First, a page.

If you are considering becoming a chef make sure that you have a serious love of foods. There are many aspects of food preparation that are not as glamorous as the “Food Channel” may indicate. Also make sure that you know what is involved in your decision. There are always exceptions to every rule but typically you can expect to work very long hours for many, many years at fairly low pay before you will find yourself in a place where you are making any money.
There are two routes into the chef trade. The route first is to go to some form of a culinary institute for some serious training. Depending on where you go the programs will vary from 2 to 4 years. You will get a good grounding in all aspects of the cooking trade from all sides of the classical kitchen. You will learn the theory along with the practice. A friend who went to C.I.A. (Culinary institute of America) tells the story of the 1 egg hollandaise sauce that they managed to build with 23 cups of butter before it broke. You will be exposed to sauces, soups, baking, decorative practices, hone your knife skills and catch glimpses of many aspects of the chef trade.
The other route is that of apprenticing yourself to a chef who would be willing to take you under his umbrella. He will teach you the trade from his perspective. You will probably spend a long time doing seemingly monotonous things. To hone your knife skills you will go through several thousands of pounds of vegetables. You will learn best food handling and cleanliness practices in a hurry when you are told that the health inspector is on the way into the kitchen. You will be assigned a task in the morning to produce a 1000 of this or that appetizer, then asked why you are not finished at 1:00.
After a while you will be sent to the cooking line to prepare meals for guests. Now your time constraints are significantly increased. Especially when someone forgets to place the order on time or a late customer joins the group. Pay attention however at this point is the first opportunity for your creativity to shine forth; here you will learn the differences that make for quality and customer appreciation. Never serve something that you are not very proud to eat yourself.
Either route that you choose you are guaranteed that time constraints and craziness will be a part of the whole mix. Dealing with customers means that, in spite of your timing to bring all the parts of a meal together in one moment, it may not be their timing. You cannot make a steak rare again or a puffed pastry “en croute” hold for very long in a steam table. To make a long story short, in addition to making every effort to do your best, there are lots of circumstances that are beyond your control. The road to becoming a chef can be very stressful.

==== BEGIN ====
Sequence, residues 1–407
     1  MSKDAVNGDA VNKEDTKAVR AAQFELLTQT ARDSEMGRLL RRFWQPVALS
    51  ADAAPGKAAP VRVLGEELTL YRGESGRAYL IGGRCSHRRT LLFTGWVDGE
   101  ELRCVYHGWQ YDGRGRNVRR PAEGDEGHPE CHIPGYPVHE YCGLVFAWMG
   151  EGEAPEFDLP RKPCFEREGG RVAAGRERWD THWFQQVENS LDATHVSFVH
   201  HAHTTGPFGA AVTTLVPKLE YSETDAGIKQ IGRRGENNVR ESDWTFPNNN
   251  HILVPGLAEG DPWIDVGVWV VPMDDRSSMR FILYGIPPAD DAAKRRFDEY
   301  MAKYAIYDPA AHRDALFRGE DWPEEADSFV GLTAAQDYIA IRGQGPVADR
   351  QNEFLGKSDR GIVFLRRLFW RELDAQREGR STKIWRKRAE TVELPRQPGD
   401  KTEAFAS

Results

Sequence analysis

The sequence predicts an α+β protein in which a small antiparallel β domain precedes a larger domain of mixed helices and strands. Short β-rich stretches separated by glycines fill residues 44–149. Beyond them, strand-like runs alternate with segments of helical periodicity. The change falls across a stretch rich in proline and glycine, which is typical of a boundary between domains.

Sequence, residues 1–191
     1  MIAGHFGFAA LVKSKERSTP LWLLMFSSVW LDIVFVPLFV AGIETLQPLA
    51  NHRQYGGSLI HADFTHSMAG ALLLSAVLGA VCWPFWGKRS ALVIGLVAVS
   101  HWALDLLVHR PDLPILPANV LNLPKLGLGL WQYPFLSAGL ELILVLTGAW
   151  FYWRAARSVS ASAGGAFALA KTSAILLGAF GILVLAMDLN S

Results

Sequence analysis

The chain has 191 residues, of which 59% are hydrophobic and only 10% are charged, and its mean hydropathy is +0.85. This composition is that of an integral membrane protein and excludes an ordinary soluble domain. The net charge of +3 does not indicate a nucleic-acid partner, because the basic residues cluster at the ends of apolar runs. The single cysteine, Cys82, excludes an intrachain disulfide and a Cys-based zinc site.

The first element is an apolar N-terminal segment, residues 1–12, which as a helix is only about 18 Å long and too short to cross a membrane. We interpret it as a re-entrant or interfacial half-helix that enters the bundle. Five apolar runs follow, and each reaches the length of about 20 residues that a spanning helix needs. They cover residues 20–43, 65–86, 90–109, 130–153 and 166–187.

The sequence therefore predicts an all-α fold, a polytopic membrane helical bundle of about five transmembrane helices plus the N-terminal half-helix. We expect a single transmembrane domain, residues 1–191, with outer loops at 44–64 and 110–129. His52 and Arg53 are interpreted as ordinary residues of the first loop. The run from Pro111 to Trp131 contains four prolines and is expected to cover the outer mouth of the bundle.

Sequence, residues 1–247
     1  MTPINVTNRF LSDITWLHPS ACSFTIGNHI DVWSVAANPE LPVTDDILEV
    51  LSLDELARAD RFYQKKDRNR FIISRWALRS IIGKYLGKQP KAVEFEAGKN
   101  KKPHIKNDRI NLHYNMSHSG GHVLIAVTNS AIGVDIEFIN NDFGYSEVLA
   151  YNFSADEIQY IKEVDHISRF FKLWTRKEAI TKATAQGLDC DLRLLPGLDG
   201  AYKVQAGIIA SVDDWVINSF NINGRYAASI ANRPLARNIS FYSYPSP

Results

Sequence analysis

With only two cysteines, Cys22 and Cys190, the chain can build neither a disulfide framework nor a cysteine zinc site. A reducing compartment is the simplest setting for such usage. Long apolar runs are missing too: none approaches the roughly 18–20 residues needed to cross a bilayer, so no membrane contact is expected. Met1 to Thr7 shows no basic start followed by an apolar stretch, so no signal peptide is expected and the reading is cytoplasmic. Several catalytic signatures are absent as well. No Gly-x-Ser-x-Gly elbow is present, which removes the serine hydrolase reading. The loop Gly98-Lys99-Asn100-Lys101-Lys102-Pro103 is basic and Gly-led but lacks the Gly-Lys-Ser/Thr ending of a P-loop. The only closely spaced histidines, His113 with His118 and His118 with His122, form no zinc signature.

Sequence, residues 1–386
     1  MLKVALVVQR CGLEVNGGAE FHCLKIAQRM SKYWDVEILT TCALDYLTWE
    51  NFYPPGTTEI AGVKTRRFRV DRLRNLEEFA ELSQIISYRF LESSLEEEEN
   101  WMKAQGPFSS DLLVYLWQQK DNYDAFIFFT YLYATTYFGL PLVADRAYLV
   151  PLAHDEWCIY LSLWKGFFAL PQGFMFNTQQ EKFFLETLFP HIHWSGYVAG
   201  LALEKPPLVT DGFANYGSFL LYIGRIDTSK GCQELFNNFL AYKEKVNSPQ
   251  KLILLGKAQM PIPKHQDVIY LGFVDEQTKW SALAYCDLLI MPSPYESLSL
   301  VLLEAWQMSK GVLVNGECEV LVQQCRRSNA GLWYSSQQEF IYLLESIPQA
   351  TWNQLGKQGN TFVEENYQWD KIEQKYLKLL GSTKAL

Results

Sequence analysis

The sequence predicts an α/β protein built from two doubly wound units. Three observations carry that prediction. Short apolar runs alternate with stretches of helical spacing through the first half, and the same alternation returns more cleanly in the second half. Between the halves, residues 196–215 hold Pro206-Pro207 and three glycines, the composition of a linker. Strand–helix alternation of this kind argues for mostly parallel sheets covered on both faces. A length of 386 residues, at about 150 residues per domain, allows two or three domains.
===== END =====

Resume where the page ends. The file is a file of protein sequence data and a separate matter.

At some point you will arrive at a space where you have learned enough, matured enough to be given the opportunity to put your own special touches on your own culinary creations. That is a very satisfying time, when you are competent enough to bend the rules by adding your own creativity to the process. The price you will pay will be countless years of 60 to 70 hour weeks, with occasional 15 hour days. That is the name of the game in the chef’s trade. Just a little something to think about, if you are dedicated to the art of food preparation then go for it, but beware of the pitfalls along the way.
Becoming a chef does not mean that you have to cook in a professional situation. You could simply get the training you need to learn the basics and the subtle nuances of creating fine dishes with out going through the agony of several years of apprenticeship. It is possible to learn how to become a professional chef for your family and friends by taking some online cooking classes. An online cooking class can give you the opportunity to learn from the comfort of your home at a pace that you set. The best course that I have seen is offered by Chef Todd Mohr at WebCookingClass.com . Chef Todd has a comfortable presentation style and he will teach you how to cook with out needing to use a recipe by learning the basics of food chemistry and how to use herbs and spices to achieve the special ethnic flavor you may be looking for.